In 1877 William Budge replaced David Kimball as the Stake President. Budge became a dominate figure in the entire valley keeping close control over the Mormons and making every effort to see that they lived by the standards of the church. Paris continued to grow reaching a population of over 1200. It became necessary to establish a second ward with Henry Horne in one and Robert Price in the other.
By 1881 a church dominated newspaper the Bear Lake Democrat was in operation with George Osmond the first editor. It later changed to the Paris Post. The court house was completed in 1885. In 1887 the Bear Lake Stake Academy was organized. In 1901 its name was changed to the Fielding Academy.
Construction of the beautiful
Stake Tabernacle became a reality in 1884 and was completed in 1888 at a
cost of $50,000. Telephones came to the valley in 1901, electric power in
1902, the Paris Pavilion in 1913 and the Paris Hotel in 1918. Paris was
incorporated in 1897 and the first village election in April 1878. The
first village board was John U Stucki, president of council, Joseph R Shepherd,
Arthur Budge, Christian Fuller, Charles Innes, A F Segmiller, Walter Hoge,
Wilford Rich and Thomas Monson.
This information comes from the 1899 Illustrated History of Idaho, page 672
Paris is an incorporated city, containing about fifteen hundred inhabitants and was founded in the fall of 1863 by Apostle C C Rich, who brought with him a company of Latter Day Saints to possess the land and make a settlement. Among the first residents were Robert H Williams, Hezekiah Duffie, John Mann, Thomas Sleight, John and George Humphreys and Joseph Rich, the last named now Judge of the district court.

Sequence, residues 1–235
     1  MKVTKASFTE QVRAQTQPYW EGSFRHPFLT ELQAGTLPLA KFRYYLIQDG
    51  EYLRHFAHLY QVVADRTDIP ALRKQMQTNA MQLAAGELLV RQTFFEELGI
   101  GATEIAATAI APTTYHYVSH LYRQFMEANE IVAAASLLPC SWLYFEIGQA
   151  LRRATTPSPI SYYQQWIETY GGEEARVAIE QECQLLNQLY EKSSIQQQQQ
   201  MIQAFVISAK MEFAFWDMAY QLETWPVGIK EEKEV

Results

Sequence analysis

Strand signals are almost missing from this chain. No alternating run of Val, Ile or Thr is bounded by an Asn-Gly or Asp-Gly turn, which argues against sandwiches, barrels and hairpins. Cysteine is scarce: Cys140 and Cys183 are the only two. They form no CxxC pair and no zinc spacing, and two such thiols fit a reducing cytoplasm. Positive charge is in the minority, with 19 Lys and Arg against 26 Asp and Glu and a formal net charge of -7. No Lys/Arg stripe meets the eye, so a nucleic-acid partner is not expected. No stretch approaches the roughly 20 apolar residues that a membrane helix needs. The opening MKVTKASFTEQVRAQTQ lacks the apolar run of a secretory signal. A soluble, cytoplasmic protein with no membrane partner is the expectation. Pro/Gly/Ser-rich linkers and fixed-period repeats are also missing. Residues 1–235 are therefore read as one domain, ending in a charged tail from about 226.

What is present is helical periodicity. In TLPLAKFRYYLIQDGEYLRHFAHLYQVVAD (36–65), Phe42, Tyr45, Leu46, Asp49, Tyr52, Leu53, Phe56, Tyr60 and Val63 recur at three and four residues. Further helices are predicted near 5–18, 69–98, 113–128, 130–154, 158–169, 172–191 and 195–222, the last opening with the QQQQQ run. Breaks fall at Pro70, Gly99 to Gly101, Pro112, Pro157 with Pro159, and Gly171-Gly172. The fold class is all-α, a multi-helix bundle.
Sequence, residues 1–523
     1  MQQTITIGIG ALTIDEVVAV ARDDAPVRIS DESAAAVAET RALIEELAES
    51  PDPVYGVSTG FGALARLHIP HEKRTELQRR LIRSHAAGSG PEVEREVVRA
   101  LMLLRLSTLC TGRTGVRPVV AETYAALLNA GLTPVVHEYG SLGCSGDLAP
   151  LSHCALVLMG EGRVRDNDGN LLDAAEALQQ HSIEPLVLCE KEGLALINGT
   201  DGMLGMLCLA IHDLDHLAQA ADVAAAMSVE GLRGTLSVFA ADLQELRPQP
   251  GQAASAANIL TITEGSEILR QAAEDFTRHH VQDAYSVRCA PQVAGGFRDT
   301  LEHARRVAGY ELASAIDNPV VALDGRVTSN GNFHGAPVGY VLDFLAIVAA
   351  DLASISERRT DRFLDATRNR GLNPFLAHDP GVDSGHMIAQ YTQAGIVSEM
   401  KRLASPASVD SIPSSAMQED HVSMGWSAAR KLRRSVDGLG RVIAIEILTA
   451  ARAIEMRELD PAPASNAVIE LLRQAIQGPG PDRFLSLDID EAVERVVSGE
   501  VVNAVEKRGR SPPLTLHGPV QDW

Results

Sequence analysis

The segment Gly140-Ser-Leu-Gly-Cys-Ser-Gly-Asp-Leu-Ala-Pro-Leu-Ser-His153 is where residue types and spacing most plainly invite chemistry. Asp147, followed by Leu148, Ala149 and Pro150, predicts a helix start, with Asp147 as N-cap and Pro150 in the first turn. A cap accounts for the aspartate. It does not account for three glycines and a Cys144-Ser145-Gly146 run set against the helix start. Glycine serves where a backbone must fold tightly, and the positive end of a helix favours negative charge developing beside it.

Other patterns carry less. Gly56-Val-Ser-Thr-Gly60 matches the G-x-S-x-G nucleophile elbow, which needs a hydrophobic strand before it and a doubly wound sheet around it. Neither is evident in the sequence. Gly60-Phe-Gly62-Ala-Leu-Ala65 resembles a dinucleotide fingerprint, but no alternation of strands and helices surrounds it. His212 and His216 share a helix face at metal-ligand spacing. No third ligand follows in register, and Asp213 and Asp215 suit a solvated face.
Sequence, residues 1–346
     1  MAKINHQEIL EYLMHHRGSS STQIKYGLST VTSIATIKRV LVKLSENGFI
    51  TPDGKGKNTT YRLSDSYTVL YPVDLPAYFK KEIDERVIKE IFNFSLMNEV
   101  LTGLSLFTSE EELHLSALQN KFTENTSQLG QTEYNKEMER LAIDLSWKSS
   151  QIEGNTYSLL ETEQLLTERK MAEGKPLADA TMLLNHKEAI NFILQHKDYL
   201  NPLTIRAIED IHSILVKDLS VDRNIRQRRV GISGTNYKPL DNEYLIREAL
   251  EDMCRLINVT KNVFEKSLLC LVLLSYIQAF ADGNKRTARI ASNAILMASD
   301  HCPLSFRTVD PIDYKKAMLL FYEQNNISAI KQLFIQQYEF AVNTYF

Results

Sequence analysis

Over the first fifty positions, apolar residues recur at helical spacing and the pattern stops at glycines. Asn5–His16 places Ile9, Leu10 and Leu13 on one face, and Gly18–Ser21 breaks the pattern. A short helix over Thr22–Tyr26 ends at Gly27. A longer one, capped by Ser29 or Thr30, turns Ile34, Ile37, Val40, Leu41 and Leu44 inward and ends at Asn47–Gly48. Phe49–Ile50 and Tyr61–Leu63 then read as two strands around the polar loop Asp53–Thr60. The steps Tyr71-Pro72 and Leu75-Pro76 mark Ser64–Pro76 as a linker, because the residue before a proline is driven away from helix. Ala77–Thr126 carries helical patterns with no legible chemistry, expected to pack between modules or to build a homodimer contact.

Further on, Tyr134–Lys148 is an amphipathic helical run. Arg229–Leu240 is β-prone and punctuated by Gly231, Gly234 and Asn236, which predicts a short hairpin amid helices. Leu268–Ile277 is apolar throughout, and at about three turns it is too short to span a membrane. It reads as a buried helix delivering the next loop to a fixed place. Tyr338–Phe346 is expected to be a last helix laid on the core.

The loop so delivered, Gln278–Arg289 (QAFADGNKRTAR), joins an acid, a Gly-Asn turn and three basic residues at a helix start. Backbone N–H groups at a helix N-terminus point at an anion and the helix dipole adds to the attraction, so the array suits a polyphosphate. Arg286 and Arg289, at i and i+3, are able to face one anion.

In 1897 the place was incorporated as a village with a board of trustees and in April 1898, the first city board was elected, consisting of John U Stucki, mayor; Arthur Budge, Walter Hoge, Thomas Menson, Wilford Rich, A F Seegmiller, Christian Fuller and Charles Inness, all representative men. The city is out of debt. It has a large brick district school building and the stake academy now being completed and occupies a site which was donated for the purpose by Mayor Stucki.
The Latter Day Saints have also erected a large stake tabernacle of red and white stone, with a seating capacity of twenty-five hundred. It was built at a cost of fifty thousand dollars and is by far the finest church edifice in the state. There are also two ward frame meeting houses, owned by the same church. The Presbyterian people also have a nice little church edifice and a resident minister.
The business of the town is done in two large general mercantile stores, a drug store, two meat markets, two blacksmith shops, a harness shop and a creamery. The last is a new industry owned by a stock company of the citizens, and the factory has a capacity for utilizing six hundred cans of milk per day. In the county there are also a number of cheese factories.